The Palestine – Israel issue is a global issue and is being debated in the United Nations and elsewhere even as of this moment. If you are a bit unclear about the issue, this movie, Paradise Now (2005), might give you some insights into the conflict, which started in 1948 upon the creation of the State of Israel.
I wrote this review for my QUANTUM CINEMA column in Mr. & Ms. Magazine, August 2006.
In the last Academy Awards (OSCARS), the most controversial film was a small budget foreign-language movie, Paradise Now (2005). It won the Best Foreign Language Film at the 63rd Golden Globe Awards, the Best Screenplay at the European Film Awards, the Best Foreign Film at the Independent Spirit Awards, the Best Director at the Durban (South Africa) International Film Festival, the Best Foreign Language Film at the Dallas-Fort Worth Film Critics Association Awards, the Best Foreign Film at the Vancouver Film Critics Awards, the Best Editing and Best Feature Film at the Golden Calf (Netherlands) Film Festival and three more awards at the Berlin International Film Festival. With all these honors heaped upon the film in the US, Canada, Europe and South Africa, it was the front-runner for the Best Foreign-Language Film at the OSCARS.
ONE WORLD, DIFFERENT REALITIES
Paradise Now (2005) is not an ordinary film. First, it is a movie about suicide bombers. Second, it is a Palestinian film. To the Palestinians and most of the Arab and Muslim world, suicide bombers are martyrs. To the Israelis and most of the Jewish and Western (and pro-Western) world, suicide bombers are terrorists.
Top Israeli writer Irit Linor described Paradise Now as “an exciting, quality Nazi film.” (Ynet News 2/7/06). Yossi Zur, an Israeli whose son was a victim of suicide bombing, was widely quoted as saying, “What they call ‘Paradise Now’ we call ‘Hell Now’, each and every day.”
Yossi Zur and some 32,000 people petitioned the Academy Awards against the nomination of Paradise Now in the Best Foreign-Language Film category. “Free speech and artistic expression is sacred. But the Oscars should think twice about what it means to award such a movie a prize,” Zur said.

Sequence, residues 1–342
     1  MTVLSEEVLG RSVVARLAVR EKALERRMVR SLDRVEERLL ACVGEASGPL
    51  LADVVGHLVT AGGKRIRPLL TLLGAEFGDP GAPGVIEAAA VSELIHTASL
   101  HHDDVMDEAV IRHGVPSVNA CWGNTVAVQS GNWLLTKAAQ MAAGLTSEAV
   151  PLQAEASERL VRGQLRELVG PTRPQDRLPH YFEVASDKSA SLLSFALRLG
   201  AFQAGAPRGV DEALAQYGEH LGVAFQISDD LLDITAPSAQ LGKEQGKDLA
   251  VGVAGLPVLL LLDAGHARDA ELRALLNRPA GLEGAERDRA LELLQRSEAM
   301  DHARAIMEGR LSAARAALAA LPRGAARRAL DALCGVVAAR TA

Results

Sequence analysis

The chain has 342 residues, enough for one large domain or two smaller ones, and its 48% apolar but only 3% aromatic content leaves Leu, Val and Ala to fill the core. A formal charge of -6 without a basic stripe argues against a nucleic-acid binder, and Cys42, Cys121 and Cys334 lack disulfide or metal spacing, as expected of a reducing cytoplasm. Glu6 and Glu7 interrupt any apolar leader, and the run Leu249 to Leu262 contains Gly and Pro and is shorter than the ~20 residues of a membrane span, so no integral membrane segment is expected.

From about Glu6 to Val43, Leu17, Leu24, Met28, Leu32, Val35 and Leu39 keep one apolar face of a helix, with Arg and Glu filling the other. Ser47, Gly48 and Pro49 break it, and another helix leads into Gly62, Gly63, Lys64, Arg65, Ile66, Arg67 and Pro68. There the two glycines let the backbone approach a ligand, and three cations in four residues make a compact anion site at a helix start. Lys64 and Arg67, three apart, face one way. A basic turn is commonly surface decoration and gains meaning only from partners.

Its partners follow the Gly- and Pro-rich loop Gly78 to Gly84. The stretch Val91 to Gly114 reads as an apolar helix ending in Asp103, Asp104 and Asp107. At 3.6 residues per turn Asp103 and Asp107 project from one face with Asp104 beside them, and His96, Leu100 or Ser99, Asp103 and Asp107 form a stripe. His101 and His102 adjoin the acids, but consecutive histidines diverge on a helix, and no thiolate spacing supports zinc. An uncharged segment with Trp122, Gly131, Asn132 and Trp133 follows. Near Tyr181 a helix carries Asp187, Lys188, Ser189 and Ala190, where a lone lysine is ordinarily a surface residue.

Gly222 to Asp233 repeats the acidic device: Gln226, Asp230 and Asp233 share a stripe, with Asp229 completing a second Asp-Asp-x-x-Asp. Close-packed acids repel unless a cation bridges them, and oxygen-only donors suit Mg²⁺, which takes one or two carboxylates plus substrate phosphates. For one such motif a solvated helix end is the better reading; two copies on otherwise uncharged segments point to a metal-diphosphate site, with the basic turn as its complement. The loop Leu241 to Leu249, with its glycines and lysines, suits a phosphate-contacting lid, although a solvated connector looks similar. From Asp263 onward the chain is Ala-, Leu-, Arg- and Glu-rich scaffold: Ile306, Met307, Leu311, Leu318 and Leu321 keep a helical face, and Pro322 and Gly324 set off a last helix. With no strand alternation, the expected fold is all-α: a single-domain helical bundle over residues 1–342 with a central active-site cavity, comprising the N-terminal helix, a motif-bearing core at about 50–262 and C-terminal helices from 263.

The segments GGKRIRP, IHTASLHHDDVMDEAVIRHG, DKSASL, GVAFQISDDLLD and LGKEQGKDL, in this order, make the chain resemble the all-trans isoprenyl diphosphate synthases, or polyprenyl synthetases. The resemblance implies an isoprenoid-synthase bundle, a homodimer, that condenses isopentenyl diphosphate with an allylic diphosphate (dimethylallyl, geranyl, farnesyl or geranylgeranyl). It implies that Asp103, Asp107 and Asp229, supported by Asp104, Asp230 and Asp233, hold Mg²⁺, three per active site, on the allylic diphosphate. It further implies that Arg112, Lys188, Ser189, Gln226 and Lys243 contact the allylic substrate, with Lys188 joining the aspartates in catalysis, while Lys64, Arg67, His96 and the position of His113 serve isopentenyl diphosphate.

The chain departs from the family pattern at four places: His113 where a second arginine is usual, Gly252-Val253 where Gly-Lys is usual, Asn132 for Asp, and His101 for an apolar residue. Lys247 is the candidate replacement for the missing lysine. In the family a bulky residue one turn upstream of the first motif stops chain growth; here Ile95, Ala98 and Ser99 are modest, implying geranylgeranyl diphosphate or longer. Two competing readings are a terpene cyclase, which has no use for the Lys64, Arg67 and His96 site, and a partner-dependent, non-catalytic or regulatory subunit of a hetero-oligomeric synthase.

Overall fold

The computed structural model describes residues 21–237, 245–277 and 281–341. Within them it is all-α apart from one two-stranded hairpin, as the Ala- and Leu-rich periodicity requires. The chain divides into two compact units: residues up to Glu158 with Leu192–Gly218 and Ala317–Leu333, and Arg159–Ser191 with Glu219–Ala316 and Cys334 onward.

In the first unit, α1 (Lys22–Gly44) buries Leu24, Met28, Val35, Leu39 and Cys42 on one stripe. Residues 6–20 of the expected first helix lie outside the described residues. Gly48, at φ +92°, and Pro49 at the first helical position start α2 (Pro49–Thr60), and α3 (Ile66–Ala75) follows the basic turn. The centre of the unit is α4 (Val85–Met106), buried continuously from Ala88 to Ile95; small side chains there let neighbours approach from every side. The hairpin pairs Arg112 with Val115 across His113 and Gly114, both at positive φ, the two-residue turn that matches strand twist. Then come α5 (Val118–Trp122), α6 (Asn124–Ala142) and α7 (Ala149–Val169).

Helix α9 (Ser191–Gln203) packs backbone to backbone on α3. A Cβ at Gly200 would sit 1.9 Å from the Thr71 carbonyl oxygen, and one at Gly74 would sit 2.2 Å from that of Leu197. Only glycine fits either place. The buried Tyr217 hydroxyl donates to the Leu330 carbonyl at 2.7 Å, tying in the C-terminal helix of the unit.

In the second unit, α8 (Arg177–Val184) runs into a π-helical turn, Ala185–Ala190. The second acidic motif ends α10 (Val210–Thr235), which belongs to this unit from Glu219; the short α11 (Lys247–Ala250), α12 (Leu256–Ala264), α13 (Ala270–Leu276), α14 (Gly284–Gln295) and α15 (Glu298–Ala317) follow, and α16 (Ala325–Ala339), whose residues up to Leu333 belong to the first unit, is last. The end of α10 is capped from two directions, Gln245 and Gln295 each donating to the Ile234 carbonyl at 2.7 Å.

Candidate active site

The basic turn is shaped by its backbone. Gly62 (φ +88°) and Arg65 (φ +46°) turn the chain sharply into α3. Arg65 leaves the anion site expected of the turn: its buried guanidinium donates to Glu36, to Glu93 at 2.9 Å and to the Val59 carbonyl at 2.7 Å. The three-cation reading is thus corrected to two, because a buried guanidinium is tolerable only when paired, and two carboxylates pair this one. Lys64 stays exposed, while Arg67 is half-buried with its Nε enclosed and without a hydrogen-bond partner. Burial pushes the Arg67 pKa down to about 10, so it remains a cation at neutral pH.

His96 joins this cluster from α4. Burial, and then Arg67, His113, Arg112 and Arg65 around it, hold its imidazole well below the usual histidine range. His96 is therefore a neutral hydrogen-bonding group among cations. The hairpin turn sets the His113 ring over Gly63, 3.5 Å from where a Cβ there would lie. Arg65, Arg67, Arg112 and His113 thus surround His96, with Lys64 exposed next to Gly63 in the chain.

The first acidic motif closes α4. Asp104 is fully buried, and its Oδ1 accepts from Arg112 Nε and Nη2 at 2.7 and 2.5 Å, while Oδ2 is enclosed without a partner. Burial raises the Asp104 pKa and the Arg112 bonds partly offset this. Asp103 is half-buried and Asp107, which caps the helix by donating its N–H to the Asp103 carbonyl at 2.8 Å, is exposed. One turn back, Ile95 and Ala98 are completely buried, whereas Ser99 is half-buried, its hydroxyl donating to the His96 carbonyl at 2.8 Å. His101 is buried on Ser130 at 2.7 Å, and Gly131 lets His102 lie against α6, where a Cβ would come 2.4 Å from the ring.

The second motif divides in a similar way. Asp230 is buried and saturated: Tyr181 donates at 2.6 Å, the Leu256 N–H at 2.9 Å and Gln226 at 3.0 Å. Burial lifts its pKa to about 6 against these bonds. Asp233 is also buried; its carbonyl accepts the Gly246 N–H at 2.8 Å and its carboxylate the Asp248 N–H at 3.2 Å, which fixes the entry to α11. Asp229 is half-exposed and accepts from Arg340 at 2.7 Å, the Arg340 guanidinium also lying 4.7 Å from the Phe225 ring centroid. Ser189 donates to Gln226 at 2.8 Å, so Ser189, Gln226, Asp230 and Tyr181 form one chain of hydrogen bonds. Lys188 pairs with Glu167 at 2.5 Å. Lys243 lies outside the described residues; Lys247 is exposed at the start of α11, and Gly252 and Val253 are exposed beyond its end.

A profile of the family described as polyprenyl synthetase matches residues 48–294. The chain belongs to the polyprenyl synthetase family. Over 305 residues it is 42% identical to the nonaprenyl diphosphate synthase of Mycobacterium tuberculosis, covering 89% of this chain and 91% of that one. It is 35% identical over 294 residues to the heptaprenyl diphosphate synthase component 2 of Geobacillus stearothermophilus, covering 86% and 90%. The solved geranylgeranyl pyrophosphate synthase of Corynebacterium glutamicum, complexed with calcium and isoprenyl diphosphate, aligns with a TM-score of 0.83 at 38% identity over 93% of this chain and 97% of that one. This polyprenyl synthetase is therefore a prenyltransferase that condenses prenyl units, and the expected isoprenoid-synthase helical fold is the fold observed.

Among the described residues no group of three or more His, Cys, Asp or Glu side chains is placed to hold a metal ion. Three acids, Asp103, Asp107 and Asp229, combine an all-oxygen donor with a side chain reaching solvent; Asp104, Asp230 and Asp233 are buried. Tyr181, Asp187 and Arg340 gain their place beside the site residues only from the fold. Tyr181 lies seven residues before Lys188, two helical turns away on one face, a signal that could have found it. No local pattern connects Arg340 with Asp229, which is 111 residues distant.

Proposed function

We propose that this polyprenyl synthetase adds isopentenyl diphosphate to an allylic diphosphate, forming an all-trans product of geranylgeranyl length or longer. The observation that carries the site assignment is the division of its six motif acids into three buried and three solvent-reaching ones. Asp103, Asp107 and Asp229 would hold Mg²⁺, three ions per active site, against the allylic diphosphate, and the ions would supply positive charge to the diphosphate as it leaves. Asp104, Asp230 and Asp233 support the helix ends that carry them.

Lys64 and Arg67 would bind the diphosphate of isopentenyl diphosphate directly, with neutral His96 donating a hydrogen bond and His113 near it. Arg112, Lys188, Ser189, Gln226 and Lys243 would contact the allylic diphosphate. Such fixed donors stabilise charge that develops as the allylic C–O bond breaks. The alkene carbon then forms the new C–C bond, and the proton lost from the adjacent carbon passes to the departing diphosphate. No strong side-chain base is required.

The Academy denied the Jewish petition and accepted the film’s nomination. But as Palestinian director / co-writer Hany Abu Assad predicted two days before the OSCAR ceremonies, Paradise Now did not win. Yossi Zur got his wish.
Interestingly, Amir Harel, an Israeli Jew, co-produced the controversial movie. Harel told reporters: “First and foremost the movie is a good work of art …If the movie raises awareness or presents a different side of reality, this is an important thing.”
The film Paradise Now attempts to show the whys and wherefores of suicide bombers – from their own point of view.
The opening scene shows a woman, with head and face uncovered, crossing an Israeli checkpoint. The woman engages the soldier in an eyeball-to-eyeball contact, without blinking. She crops up again in the third scene, interrupting a discussion among three men in a garage. She asks for her car. She engages the mechanic in casual talk and tells him that she likes old cars, especially one with such a name as Alfa Romeo.
The very first scenes of the movie already debunk many misconceptions about Muslim / Arab women. The character, Suha, is obviously a woman of the world and not a woman oppressed by her men folk. She is aggressive, travels alone, wears modern clothes without veils or headscarves and even drives her own car.
The film shows that suicide bombers are not brain-washed robots but ordinary people who have mothers, fathers, and siblings. They even fall in love.
Aside from debunking myths, the film also depicts cultural vignettes like smoking sheesha (water-pipe), drinking tea in tiny glasses and divining from tea leaves.
PLOTS AND SUBPLOTS
The plot is simple. Two young men were chosen by a dominant militant group to go on a suicide bombing mission in the industrial city of Tel Aviv the following day.
A classic boy meets girl subplot provides the romantic angle. Like Romeo and Juliet, the protagonists come from different worlds. She is a rich, well-traveled woman whose father was a famous martyr. He is a simple mechanic, whose father was executed for collaborating with the enemy.
A twist in the plot provides the suspense and puts in the necessary ingredients that make the movie more credible because it highlights the moral and socio-political complexities of Palestinian reality. It is a stroke of genius which makes the film a great suspense thriller. Revealing the twist here would spoil the reader’s viewing pleasure.
In Reporting the Arab-Israeli Conflict (1997 London: Routledge), Tamar Liebes explained the various framing mechanisms that the Media use in covering the Middle East conflict. One such mechanism is called Equalizing where both parties are made to appear as if they are equal in power.